On Sunday 17 August 2014 15:22:02 O. Hartmann wrote: > Am Sun, 17 Aug 2014 13:09:10 +0000 > > "Eggert, Lars" <l...@netapp.com> schrieb: > > Nobody using nscd? Really? > > I can only speak for myself and I stopped using nscd since the support is > crap. > > A while ago (t > 1 1/2 years) I realised within a OpenLDAP environment, that > when nscd is running, sometimes the system simple "forgets" about root - > this is painful while installing/updating ports and getting interrupted > with a weird error "unknown user root". > > nscd is supposed to be used in large environments where the cost for a user > lookup, like in OpenLDAP, is worse. But obviously FreeBSD isn't used in > that large environments with OpenLDAP and I'm wondering what the purpose of > nscd is.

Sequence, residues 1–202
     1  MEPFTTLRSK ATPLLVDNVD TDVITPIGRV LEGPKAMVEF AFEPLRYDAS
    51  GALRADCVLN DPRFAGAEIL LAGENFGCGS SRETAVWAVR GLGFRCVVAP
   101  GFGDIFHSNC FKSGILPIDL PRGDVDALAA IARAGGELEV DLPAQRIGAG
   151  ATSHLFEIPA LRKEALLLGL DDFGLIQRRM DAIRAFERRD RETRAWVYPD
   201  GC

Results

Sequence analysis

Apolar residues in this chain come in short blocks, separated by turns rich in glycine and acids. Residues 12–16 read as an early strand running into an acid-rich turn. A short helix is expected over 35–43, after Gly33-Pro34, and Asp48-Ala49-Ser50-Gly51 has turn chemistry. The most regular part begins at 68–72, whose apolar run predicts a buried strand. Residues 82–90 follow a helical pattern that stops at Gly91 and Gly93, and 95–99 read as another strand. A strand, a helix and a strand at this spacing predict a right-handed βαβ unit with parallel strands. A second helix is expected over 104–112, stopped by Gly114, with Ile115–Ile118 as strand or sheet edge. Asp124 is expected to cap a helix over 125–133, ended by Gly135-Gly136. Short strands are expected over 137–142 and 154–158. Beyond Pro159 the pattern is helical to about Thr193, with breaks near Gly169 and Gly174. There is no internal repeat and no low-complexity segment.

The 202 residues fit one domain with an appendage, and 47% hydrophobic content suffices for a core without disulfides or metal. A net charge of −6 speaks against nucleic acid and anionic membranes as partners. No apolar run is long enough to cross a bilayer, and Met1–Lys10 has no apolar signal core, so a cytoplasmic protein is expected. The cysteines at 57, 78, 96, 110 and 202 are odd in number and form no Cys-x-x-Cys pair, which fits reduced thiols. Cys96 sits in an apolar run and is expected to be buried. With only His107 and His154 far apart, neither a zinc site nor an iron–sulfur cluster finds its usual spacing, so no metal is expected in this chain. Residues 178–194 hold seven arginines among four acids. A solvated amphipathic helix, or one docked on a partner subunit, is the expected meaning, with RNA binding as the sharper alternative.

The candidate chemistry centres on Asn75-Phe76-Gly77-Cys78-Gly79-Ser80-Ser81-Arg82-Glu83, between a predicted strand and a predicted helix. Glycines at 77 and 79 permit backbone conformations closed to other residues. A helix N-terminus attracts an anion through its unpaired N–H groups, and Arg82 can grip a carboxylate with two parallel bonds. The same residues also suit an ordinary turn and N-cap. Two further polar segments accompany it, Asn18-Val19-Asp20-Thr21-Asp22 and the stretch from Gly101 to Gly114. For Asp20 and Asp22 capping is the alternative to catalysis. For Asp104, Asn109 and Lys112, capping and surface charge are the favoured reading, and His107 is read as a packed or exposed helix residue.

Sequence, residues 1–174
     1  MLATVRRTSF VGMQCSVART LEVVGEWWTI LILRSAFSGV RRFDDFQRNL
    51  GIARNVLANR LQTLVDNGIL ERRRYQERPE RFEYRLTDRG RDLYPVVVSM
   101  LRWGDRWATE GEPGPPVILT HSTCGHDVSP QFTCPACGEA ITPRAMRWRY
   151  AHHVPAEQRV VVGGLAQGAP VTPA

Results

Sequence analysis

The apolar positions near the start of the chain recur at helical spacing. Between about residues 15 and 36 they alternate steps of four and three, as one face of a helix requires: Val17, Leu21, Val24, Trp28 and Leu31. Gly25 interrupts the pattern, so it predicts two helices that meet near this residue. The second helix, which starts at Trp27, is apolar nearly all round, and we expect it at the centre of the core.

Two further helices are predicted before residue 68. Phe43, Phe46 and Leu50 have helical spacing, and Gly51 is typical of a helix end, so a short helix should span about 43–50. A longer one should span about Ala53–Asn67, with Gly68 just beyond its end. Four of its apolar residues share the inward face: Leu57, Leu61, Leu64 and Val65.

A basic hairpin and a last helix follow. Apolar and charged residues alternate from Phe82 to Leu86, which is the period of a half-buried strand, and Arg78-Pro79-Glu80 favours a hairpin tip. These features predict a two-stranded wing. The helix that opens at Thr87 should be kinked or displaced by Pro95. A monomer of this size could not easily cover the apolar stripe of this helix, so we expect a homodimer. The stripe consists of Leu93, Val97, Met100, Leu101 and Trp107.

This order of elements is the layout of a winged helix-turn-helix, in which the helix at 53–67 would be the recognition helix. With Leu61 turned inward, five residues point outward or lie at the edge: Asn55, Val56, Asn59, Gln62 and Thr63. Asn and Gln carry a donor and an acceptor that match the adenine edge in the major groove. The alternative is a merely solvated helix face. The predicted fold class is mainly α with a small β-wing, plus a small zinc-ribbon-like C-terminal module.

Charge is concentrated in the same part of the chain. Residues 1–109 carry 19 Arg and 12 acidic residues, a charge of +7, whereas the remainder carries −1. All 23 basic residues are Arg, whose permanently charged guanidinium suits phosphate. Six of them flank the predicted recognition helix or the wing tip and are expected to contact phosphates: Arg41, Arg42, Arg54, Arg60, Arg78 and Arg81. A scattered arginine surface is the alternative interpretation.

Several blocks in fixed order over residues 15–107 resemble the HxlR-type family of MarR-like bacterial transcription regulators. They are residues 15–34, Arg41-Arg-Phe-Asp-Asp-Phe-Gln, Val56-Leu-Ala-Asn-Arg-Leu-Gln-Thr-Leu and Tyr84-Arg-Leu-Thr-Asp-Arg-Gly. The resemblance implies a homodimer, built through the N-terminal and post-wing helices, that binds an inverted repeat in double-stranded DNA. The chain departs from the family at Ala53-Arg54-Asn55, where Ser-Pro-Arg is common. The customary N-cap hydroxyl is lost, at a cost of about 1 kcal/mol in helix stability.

The other problem is that net/nss_ldap and security/pam_ldap have kind of been left behind for performance and robustness. People who use this seriousy tend to discover net/nss-pam-ldapd fairly quickly which has its own caching proxy and eliminates the need for nscd. With nss_ldap and pam_ldap, the openldap client libraries and startup cost is linked into every single binary that uses it. WIth pam-nss-ldapd, it's a simple unix domain socket (with peercred authentication) and no heavy-weight libraries in the consumers. The proxy on the other end of the socket keeps a ldap connection open (with an idle timeout). The whole thing was vastly more robust and efficient. At least that's what we found in the freebsd.org cluster. nss-pam-ldapd was two or three orders of magnitude more usable and got rid of nscd in the process. For us, nscd "worked", but it just didn't save much effort because it was a per-uid cache. ie: if "jkh" had just caused a ldap search, and "peter" repeated it, it had to be done again from scratch. The downside for nss-pam-ldapd was that it uses a non-extensible wire protocol and didn't have room for bsd-style login classes. > > On 2014-8-14, at 13:26, Eggert, Lars <l...@netapp.com> wrote: > > > [Resending to current@, since I can't get it to work on -CURRENT > > > either.] > > > > > > Hi, > > > > > > anyone have an idea why nscd would not be caching NIS lookups? > > > > > > My nsswitch.conf looks as follows: > > > > > > group: cache files nis > > > hosts: cache files dns > > > networks: cache files > > > passwd: cache files nis > > > shells: files > > > services: cache files nis > > > protocols: cache files > > > rpc: cache files > > > > > > nisdomain is set and ypbind is started, and I see lots of NIS traffic > > > going in and out. > > > > > > But nothing is cached; running nscd with -t just prints this and then > > > then nothing, ever: > > > > > > M1 from main: successfully daemonized > > > M1 from main: request agents registered successfully > > > M2 from cache: cache was successfully initialized > > > M2 from runtime environment: using socket /var/run/nscd > > > M2 from runtime environment: successfully initialized > > > M1 from main: thread #0 was successfully created > > > M1 from main: thread #1 was successfully created > > > M1 from main: thread #2 was successfully created > > > M1 from main: thread #3 was successfully created > > > M1 from main: thread #4 was successfully created > > > M1 from main: thread #5 was successfully created > > > M1 from main: thread #6 was successfully created > > > M1 from main: thread #7 was successfully created > > > > > > Lars -- Peter Wemm - pe...@wemm.org; pe...@freebsd.org; pe...@yahoo-inc.com; KI6FJV UTF-8: for when a ' or ... just won\342\200\231t do\342\200\246
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